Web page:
From the Fire
Oct 15, 2013 3:50 PM, By Cynthia Wisehart
All the DSP is concentrated at the front of the church via a simply configured BBS Soundweb BLU-link backbone driven by a Crestron touchpanel. “There’s actually an awkward path from the front to the back of the church, and it’s a very long distance, which ruled out copper,” Chollet says. “We decided to have the distributed system up front and run traditional analog across the remaining 600ft.”
As it turned out, analog served the church’s purposes in more ways than one and for video as well as audio. One key element of the worship program involves organ duets for two organs that are positioned at a great distance from either other. “As far apart as you can imagine,” Chollet says with a laugh. The organists are on a DSP intercom/headphone (which they can run independently from the full network for practice sessions). “This made us think about latency more than we normally would have,” Cholett says. He says that the small network delivers very low latency, and with the organ and feedback monitor wedges all analog to the network, the organists have no problems syncing.
The same kind of time-critical monitoring system was necessary for another of the worship configurations in which the choir and choirmaster are at the front of the church—600ft. from the main organ. Designers specified a video system to allow the organist to see the conductor; digital HD/SDI cameras with good lenses delivered the resolution, but with “very visible delay.” So once again analog was right for the application. “It was not very satisfying from the technical view—there is a big visual difference between analog video and full HD. But the organist doesn’t need to see a lot of detail; she needs to see the conductor’s hand move. They know each other well and she can read him without seeing detail—it was more important that there was no delay.”
When it came to installation (in collaboration with the architects and installer Stefan Gfeller of Gfeller Licht- und Tontechink AG), the driving force was the fourth member of the team: the cathedral’s historical committee. “Every choice we make on something that is visible needs to go through this committee that is going to have a completely different set of criteria,” Cholett recalls. “They don’t care about speech intelligibility; they care about the visual impact and the location of columns.”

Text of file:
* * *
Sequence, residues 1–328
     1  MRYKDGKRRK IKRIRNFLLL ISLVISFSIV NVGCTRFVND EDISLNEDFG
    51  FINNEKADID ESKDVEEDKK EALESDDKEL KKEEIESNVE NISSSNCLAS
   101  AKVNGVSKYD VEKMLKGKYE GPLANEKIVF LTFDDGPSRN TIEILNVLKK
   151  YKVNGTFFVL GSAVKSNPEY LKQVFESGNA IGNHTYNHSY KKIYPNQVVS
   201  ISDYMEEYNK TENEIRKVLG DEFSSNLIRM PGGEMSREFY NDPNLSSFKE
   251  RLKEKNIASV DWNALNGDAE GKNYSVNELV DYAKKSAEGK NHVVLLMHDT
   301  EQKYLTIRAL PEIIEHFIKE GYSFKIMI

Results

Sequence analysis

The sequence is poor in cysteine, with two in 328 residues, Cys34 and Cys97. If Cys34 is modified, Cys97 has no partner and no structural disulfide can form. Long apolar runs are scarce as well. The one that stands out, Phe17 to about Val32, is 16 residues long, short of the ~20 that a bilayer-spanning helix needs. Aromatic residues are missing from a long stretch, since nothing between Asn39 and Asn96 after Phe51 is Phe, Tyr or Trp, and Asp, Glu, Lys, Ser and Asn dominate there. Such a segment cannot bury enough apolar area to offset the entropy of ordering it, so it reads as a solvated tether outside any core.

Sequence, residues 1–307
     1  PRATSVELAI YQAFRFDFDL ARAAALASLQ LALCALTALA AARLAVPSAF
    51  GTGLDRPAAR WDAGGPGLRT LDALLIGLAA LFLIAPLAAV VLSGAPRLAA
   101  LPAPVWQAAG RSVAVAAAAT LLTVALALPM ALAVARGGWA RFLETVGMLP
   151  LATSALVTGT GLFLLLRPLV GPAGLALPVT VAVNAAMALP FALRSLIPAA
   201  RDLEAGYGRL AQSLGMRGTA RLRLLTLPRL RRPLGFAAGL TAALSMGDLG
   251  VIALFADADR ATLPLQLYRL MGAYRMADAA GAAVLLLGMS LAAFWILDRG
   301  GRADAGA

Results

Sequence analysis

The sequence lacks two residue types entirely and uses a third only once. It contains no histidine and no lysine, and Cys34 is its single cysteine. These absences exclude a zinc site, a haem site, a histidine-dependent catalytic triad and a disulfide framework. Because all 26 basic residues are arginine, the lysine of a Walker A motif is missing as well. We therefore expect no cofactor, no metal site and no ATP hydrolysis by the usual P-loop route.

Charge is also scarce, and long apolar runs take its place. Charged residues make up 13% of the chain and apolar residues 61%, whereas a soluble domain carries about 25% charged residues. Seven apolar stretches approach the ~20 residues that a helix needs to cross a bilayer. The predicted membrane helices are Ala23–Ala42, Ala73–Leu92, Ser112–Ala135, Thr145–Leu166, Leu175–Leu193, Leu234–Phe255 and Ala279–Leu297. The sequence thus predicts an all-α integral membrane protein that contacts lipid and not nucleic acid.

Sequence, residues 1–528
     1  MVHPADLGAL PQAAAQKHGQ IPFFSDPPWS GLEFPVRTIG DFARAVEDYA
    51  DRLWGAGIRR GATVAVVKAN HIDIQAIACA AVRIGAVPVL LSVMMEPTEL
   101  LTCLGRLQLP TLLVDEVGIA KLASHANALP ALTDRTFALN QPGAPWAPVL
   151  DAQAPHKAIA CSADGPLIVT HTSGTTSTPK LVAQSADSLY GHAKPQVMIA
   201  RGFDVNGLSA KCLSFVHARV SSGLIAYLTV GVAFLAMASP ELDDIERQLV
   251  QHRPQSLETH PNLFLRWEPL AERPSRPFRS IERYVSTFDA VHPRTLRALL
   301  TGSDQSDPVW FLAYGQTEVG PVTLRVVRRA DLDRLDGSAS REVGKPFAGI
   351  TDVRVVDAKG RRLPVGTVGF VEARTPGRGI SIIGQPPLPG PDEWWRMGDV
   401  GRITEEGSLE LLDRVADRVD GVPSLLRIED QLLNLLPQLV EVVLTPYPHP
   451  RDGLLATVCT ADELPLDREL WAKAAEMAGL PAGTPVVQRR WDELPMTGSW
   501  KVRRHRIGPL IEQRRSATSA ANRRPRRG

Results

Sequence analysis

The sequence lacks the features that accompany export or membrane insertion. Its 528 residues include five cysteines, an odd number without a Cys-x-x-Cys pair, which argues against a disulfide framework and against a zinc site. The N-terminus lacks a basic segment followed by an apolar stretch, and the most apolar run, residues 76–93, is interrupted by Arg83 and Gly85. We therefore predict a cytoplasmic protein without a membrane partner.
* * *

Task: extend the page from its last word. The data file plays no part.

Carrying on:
For instance, he says, the WSDG team had been considering a freestanding solution, but in discussions with the committee, it was ruled out because the speakers would have had to be too far out of optimal left/right for aesthetic reasons. “Also,” he says, “the church has rather massive pillars that produce large areas that have direct acoustic energy—1/3 of the seats are in the shadow and have no direct acoustic access to the main speaker. We had to add in additional line arrays to each of the columns to blend into these areas.” However, those speakers then required a custom mount, fabricated with the integrator, to deliver the right angle without visible metalwork, something that’s fairly typical in these types of installations.
The most dramatic intersection of aesthetics and technology occurred around St. Ursen’s High Altar. Since this was where the fire started, the original altar was destroyed—both physically and spiritually. It was not enough to replace the structure of the altar; it needed to be brought to life with an entirely new energy. The commission invited a team to design the new altar; the spectacular winning design was a monolith comprised of 11 kinds of marble forged into a single 7-ton block. “It is truly a work of art,” Chollet says. But it is also a vast, acoustically uncontrolled surface for the microphones. “The first problem was actually cabling. We found a 4in. recess at the bottom so we could get the cables in there.” But the larger problem was intelligibility. The microphones do not have a fixed position and there can be up to 2ft. between the speaker and the microphone—in an application with high gain requirement. Reluctantly WSDG turned to feedback suppression. “We had hoped to get away without it, it really is a last resort as a designer, but the Bosch unit that we use does frequency shifting instead of notching, so it’s a good solution.” Chollet says they also got a good surprise from the new wireless Shure microphone they specified. “It just came out at exactly the right time, and it’s the most natural sounding mic,” Chollet says. “It’s now my go-to choice. Usually you have more control issues with the headworn and the lapel mics than the wired mics—here it was the other way around. We had those control issues with altar mics, but when we mixed the room, we had no problems with the wireless mics.”
The final noteworthy aesthetic challenge was where to satisfy the church’s long-held desire for an induction loop. It wasn’t practical to use the cable duct—which was 20 meters overhead. “We found a solution to put individual induction loops around the main seating areas,” Chollet says. “The wood benches sit atop a little platform and we decided to lift that platform and put the induction loop underneath—we got 90 percent of the area covered that way with four loops. It was an outside-the-box idea, kind of a nutty idea, but [integrator] Stefan Gfeller pulled it off.”
It was just one of the many small acts of creation that grew out of one act of destruction that ultimately strengthened the voice of St. Ursen.
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